Photos Reveal Iraq Oil Fires Burning Behind ISIS Retreat
August 23, 2017

Satellite images show evidence of the Islamic State’s scorched earth tactics as militants lose territory to Western-backed Iraqi forces.

Five oil fires (photographed below in 2015 and 2017) have been blazing since August 2015 to the east of Baiji oil refinery. Several more in the Qayyarah oil field, south of Mosul, burned for eight months before firefighters extinguished them in March.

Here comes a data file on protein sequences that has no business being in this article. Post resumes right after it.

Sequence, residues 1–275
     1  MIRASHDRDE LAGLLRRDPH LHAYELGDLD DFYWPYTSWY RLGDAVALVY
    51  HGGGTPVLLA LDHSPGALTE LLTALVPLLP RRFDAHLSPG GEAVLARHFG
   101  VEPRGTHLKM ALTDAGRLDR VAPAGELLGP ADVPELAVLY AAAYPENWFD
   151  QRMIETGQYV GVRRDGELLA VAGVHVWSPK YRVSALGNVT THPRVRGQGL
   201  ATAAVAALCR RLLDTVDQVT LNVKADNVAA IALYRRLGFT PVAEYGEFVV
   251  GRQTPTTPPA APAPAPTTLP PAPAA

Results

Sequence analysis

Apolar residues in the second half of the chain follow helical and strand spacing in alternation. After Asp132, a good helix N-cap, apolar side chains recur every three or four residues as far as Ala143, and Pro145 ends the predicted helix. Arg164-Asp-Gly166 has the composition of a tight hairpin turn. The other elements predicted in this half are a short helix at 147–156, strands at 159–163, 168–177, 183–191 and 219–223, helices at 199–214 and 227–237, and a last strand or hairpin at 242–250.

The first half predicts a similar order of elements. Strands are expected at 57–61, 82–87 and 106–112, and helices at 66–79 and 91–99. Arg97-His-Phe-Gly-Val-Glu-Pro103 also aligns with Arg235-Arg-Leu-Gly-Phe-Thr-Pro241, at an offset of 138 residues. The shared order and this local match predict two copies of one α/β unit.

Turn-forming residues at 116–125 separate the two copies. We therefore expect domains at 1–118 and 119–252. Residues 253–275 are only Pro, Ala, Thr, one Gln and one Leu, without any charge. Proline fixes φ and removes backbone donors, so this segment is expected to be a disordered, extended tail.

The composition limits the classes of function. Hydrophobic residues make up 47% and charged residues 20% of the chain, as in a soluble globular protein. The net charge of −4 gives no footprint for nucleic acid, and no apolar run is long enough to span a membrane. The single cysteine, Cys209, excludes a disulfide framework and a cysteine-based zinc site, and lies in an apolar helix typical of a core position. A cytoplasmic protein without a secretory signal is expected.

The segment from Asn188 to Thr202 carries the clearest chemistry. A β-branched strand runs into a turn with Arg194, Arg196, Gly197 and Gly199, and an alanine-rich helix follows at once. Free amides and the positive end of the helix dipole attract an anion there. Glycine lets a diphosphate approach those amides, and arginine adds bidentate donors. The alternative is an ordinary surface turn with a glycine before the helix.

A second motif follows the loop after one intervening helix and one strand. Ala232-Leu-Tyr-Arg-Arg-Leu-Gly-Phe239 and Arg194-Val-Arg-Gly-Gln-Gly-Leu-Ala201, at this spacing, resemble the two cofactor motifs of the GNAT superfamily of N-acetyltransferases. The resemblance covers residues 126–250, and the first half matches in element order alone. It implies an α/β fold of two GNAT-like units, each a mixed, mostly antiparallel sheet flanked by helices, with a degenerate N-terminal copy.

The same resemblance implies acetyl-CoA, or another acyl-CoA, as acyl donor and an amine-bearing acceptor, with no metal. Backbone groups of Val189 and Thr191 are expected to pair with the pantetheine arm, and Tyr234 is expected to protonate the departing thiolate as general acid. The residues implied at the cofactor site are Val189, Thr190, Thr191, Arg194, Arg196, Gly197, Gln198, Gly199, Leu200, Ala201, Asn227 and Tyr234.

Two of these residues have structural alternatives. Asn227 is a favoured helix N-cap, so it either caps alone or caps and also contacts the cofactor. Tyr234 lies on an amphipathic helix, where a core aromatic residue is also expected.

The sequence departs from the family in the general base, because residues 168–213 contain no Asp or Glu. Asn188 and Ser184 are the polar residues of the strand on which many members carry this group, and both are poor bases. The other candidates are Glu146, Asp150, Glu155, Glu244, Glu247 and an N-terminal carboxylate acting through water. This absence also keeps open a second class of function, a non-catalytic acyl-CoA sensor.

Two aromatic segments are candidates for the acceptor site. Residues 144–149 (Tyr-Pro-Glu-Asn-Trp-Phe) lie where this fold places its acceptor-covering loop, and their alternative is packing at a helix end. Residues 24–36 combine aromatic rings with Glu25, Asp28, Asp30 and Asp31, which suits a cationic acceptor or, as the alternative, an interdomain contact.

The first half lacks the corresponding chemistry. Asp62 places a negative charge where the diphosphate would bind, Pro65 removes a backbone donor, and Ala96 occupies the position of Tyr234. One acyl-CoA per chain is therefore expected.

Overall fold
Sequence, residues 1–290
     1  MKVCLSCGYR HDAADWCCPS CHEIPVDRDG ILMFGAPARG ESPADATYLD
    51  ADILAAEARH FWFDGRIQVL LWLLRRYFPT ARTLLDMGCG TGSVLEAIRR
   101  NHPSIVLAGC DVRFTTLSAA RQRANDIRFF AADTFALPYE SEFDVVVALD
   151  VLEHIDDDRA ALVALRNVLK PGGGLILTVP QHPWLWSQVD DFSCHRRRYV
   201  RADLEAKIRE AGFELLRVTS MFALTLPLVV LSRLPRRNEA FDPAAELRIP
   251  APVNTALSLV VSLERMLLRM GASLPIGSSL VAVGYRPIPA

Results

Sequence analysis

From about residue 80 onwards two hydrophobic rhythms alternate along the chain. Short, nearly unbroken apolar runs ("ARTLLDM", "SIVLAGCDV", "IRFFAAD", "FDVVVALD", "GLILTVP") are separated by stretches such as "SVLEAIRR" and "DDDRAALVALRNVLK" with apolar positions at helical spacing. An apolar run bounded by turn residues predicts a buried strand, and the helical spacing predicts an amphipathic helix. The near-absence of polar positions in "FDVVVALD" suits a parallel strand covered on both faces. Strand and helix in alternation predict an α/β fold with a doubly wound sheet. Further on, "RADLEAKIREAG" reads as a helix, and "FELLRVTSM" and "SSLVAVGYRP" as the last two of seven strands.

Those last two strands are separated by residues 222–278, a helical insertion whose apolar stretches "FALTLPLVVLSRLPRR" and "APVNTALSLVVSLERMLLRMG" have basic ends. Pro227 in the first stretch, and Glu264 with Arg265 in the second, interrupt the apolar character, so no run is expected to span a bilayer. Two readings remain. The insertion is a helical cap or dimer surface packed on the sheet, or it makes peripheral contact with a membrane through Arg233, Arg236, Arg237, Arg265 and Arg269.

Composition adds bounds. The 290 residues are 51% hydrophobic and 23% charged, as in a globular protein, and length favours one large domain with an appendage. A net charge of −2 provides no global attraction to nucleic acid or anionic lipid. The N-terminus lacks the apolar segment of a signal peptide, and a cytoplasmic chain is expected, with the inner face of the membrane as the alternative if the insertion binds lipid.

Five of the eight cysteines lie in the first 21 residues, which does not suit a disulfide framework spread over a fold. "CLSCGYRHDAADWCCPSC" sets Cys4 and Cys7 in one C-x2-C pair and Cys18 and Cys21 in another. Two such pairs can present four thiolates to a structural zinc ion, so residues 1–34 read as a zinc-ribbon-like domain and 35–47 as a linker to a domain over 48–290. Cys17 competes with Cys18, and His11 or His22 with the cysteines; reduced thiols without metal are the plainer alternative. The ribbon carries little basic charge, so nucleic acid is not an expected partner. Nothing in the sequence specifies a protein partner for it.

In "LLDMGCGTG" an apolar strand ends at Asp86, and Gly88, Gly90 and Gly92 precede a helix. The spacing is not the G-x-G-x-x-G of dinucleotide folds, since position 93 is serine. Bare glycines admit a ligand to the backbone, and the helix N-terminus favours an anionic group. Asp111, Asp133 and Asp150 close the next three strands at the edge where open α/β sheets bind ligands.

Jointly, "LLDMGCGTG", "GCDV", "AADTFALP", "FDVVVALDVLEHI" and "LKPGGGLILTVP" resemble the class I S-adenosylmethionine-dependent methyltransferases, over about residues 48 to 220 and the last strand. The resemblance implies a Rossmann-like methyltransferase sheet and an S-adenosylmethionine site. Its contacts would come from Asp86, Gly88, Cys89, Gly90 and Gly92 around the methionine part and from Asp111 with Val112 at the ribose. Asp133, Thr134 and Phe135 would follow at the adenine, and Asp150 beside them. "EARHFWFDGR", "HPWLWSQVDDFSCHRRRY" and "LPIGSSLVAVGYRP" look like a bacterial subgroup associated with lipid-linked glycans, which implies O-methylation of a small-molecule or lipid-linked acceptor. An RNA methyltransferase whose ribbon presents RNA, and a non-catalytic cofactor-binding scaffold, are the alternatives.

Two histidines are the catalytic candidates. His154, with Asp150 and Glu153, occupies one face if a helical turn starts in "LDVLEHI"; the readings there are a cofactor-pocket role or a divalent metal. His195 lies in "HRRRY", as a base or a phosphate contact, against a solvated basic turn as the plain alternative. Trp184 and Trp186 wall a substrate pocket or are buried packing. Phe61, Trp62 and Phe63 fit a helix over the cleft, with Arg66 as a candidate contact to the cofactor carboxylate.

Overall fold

The scene recalls the first Gulf War in 1991, when more than 600 oil wells in Kuwait were set alight. Subsequent analysis estimated that conflagration released 133 million tonnes of carbon dioxide into the air. That is more than a year’s worth of CO2 emissions for a medium-sized country such as the Philippines, Belgium or Nigeria.

Meanwhile sulphur dioxide emissions from Al-Mishraq sulphur mine, torched last October, were bigger than those from any volcanic eruption in 2016, according to NASA.

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